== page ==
Sweden Challenges Saudi Rights Abuses

by Adam Coogle Adam Coogle is a Middle East researcher at Human Rights Watch, which he joined in 2010. He has written extensively based on his investigations into human rights abuses in the region. Adam received an M.A. in Arab Studies at Georgetown University in 2009, focusing on cultural anthropology in the MENA region. While at Georgetown, he completed a 15 month residency in Damascus, where he studied Arabic and worked with Iraqi refugees for the UN High Commissioner for Refugees. He was a Fulbright fellow in Jordan during 2005 and 2006, conducting research and studying Arabic. 14.03.2015

The least surprising aspect of the recent diplomatic dust-up between Sweden and Saudi Arabia is the Kingdom’s typically thin-skinned response to anyone calling them out over their atrocious human rights record. What is surprising is Sweden’s resolve not to roll over, as so many other countries have done. In this, Sweden sets an example for all.

It all started when Saudi Arabia blocked Swedish Foreign Minister Margot Wallström from giving a scheduled speech at the Arab League. Recent statements by Wallström on Saudi human rights abuses rankled the government in Riyadh, particularly her comments on the case of Raif Badawi, a well-known liberal Saudi blogger. In 2014, a Saudi court sentenced Badawi to 10 years in prison and 1000 lashes for allegedly insulting Islam and religious authorities via his website and on social media.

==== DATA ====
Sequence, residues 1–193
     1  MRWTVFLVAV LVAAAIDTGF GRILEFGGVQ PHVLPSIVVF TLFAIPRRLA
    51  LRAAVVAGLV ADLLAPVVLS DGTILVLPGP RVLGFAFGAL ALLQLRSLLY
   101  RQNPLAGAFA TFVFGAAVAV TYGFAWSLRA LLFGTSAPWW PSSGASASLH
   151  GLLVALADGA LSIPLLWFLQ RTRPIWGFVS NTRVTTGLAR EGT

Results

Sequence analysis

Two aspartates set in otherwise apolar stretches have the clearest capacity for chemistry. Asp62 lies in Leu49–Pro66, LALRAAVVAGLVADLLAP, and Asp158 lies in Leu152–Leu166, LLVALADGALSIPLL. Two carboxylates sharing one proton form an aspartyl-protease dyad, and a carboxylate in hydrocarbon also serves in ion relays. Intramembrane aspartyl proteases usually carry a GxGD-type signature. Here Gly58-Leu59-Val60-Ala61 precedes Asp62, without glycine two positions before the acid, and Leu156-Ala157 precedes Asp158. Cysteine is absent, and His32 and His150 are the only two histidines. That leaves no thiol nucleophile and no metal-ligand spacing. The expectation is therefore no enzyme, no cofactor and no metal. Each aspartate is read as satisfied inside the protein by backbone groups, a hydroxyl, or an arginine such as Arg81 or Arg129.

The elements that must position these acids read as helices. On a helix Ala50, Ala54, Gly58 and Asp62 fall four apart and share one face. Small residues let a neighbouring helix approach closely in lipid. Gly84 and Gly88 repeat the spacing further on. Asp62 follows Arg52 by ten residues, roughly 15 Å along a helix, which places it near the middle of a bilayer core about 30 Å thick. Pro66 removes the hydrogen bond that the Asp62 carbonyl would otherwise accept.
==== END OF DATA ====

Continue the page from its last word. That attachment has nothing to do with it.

Sweden responded by announcing on March 10 that it wouldn’t be renewing a defense cooperation agreement with Saudi Arabia, lucrative as it has been for Sweden. In a tit-for-tat move the next day, Saudi Arabia withdrew its ambassador from Stockholm, characterizing Wallström’s comments as “a blatant intervention in [Saudi Arabia’s] internal affairs.”

Saudi Arabia’s move to silence criticism of its rights record is nothing new. Saudi authorities seek to halt all domestic criticism by harassing, intimidating, and jailing those who dare to call for respect for basic rights. Saudi diplomats also seek to limit criticism at international forums, including the 47-member United Nations Human Rights Council, to which other states elected Saudi Arabia in 2013.

The real cause for surprise and applause amid this diplomatic spat is Sweden’s decision to publicly stand up for human rights in Saudi Arabia, despite the trade and economic costs. This is a step that most Western countries have repeatedly shown themselves unwilling to take. Maybe now they will copy it. Sweden’s stand serves as an important example to other governments that claim to support human rights in their foreign policies but are meekly acquiescent in the face of Saudi rights abuses. And it sends Saudi Arabia a strong message that it cannot abuse the rights of its citizens with impunity. Such a move may not produce concrete improvements in the short term, but if other countries follow Sweden’s lead Saudi Arabia will come to understand that it can no longer intimidate its critics into silence.

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